todo-logo-kere todo-logo-kere

Colorscape

Status:

Completed 

Date:

Temporary installation 28th of May to 25th of September 2016

Site:

Skylit Atrium, Perelman Building, Philadelphia Museum of Art

Size:

45 sqm

Client:

Philadelphia Museum of Art (PMA)

Collaborators:

University of Pennsylvania Undergraduate Architecture students (sounds)

Sponsors:

The Creative Africa series was supported by an Advancement grant from The Pew Center for Arts & Heritage. 
Institute of Museum and Library Services.
The Arlin and Neysa Adams Endowment Fund.
The Kathleen C. And John J. F. Sherrerd Fund for Exhibitions.
Osagie and Losengelmosogie, and a generous anonymous donor

Colorscape was produced as part of the Creative Africa series, supporting the monographic exhibition The Architecture of Francis Kéré: Building for Community. It proves how aggregating a simple material can produce an extraordinary structure. Inspired by Philadelphia’s rich tradition of textiles and woven crafts, the material used to create the installation is a locally sourced lightweight cord made of interwoven strands. Wrapped around prefabricated steel components and hung from the ceiling of the Perelman atrium space, the colourful cord becomes both massive in volume and a unifying element that encloses the visitors.

In the spirit of communal building practices in Western Africa, the detailing of the installation was designed so that it could be built by individuals without construction experience. Threading the components required no tools or complicated techniques, making the assembly process so safe and simple that children could participate.

Conceptually, the formal expression of the installation was generated using a combination of organic and rectilinear geometries inspired by the contrasting layouts of a typical small Burkinabè community and a large North American city. By overlaying the organic grid of the community of Gando with the rectilinear grid of William Penn’s Philadelphia, visual as well as conceptual parallels between the types and geometries of spaces begin to appear. Despite the differences in daily life between the urban western metropole and Gando’s agriculturally oriented compounds, there are similarities in the use of architecture to form social gradients ranging from the individual and private to the collective and public.

Integrated within Colorscape, the Sounds of the Village is a collection of audio samples recorded in different locations in Burkina Faso and Philadelphia. The sounds communicate atmosphere, an often-elusive aspect that enriches our experience of a place just as much as the visual and physical. 


Colorscape was produced as part of the Creative Africa series, supporting the monographic exhibition The Architecture of Francis Kéré: Building for Community. It proves how aggregating a simple material can produce an extraordinary structure. Inspired by Philadelphia’s rich tradition of textiles and woven crafts, the material used to create the installation is a locally sourced lightweight cord made of interwoven strands. Wrapped around prefabricated steel components and hung from the ceiling of the Perelman atrium space, the colourful cord becomes both massive in volume and a unifying element that encloses the visitors.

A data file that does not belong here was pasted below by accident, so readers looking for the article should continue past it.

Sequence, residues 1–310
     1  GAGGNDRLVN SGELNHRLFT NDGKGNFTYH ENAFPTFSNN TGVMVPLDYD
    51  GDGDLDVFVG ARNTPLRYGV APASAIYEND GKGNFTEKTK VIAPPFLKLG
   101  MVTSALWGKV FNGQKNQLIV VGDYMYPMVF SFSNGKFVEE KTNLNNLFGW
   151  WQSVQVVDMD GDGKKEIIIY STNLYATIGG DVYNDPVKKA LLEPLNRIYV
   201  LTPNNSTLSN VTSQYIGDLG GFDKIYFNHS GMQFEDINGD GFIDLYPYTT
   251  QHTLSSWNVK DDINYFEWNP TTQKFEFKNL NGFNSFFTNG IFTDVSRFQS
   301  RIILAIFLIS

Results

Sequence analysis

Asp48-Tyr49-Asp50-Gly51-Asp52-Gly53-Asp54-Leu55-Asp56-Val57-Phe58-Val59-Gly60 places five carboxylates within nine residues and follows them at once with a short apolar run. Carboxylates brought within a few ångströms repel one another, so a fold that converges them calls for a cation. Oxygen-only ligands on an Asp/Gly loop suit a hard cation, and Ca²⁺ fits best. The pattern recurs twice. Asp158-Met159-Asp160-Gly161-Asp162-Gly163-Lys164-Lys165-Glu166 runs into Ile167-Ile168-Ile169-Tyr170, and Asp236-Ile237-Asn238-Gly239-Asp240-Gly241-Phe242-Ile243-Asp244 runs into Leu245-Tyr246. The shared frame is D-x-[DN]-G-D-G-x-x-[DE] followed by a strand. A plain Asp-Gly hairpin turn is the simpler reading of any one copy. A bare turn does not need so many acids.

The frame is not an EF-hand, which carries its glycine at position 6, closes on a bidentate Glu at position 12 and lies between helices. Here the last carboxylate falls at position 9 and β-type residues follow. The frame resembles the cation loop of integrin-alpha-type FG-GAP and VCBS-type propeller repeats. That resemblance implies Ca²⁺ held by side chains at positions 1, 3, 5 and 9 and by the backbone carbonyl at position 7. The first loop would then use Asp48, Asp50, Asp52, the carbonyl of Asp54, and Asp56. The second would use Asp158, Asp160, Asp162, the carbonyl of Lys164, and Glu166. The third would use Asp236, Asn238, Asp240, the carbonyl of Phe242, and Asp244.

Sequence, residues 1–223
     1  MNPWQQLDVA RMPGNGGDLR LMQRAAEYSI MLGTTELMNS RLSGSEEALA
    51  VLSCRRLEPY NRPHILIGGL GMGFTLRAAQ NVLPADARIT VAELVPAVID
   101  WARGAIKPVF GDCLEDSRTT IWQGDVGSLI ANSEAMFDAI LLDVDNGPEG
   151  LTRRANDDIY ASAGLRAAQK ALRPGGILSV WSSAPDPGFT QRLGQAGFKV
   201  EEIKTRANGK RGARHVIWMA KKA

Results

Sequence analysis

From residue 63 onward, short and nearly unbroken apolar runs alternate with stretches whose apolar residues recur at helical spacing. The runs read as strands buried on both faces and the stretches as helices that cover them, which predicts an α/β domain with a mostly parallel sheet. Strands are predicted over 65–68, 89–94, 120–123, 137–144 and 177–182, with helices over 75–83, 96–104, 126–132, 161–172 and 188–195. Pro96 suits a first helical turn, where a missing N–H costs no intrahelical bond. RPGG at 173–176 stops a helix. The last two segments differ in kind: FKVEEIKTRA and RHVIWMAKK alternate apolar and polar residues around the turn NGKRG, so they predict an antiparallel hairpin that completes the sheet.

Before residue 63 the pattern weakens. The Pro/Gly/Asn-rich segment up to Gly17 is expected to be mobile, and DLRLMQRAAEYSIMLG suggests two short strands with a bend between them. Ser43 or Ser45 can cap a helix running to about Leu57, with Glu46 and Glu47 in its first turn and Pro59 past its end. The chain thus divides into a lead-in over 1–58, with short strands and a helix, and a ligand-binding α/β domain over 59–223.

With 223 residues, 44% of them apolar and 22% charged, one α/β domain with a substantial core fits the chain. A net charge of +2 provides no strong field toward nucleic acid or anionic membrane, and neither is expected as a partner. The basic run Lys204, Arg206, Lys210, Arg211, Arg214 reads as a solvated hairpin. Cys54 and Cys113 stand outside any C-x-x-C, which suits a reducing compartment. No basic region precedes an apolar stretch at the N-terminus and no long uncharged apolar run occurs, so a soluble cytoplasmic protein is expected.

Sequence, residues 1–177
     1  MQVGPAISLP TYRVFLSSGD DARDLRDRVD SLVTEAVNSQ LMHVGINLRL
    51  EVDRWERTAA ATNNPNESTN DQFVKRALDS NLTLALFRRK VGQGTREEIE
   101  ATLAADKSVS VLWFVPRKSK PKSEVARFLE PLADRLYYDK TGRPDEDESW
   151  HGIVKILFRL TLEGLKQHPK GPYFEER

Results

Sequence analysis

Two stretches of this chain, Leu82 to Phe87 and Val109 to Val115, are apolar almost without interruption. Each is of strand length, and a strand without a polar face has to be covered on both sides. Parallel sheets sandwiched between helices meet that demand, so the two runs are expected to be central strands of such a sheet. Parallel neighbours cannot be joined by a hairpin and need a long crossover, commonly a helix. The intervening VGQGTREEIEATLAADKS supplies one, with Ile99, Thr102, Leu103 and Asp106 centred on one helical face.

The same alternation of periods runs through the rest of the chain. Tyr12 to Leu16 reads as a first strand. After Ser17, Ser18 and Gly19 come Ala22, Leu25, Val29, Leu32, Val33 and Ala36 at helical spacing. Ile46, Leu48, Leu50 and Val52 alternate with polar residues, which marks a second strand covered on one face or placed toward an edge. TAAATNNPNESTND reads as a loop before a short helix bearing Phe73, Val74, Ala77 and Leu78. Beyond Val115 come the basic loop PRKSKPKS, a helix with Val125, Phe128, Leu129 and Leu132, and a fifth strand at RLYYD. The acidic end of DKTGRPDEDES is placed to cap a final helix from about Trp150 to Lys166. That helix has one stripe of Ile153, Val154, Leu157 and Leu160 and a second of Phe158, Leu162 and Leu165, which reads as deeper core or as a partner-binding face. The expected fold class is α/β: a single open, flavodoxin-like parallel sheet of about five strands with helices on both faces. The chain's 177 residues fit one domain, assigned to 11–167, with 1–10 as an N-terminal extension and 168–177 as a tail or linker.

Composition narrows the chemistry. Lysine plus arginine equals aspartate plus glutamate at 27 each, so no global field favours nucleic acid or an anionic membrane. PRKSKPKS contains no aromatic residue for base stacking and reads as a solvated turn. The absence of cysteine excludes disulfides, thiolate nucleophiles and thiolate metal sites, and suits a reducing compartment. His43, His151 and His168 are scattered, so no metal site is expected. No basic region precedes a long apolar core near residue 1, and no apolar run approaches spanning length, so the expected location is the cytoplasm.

In the spirit of communal building practices in Western Africa, the detailing of the installation was designed so that it could be built by individuals without construction experience. Threading the components required no tools or complicated techniques, making the assembly process so safe and simple that children could participate.

Conceptually, the formal expression of the installation was generated using a combination of organic and rectilinear geometries inspired by the contrasting layouts of a typical small Burkinabè community and a large North American city. By overlaying the organic grid of the community of Gando with the rectilinear grid of William Penn’s Philadelphia, visual as well as conceptual parallels between the types and geometries of spaces begin to appear. Despite the differences in daily life between the urban western metropole and Gando’s agriculturally oriented compounds, there are similarities in the use of architecture to form social gradients ranging from the individual and private to the collective and public.

Integrated within Colorscape, the Sounds of the Village is a collection of audio samples recorded in different locations in Burkina Faso and Philadelphia. The sounds communicate atmosphere, an often-elusive aspect that enriches our experience of a place just as much as the visual and physical. 


Red section of Colorscape installation. Photo by Tim Tiebout.
Blue section of Colorscape installation. Photo by Tim Tiebout.
Colorscape city grid.
Colorscape plan.
Children running through Colorscape. Photo by James Bassett Cann.
Visitor at the Colorscape installation. Photo by Tim Tiebout.
Colorscape section.
Bird's-eye view of Colorscape. Photo by Tim Tiebout.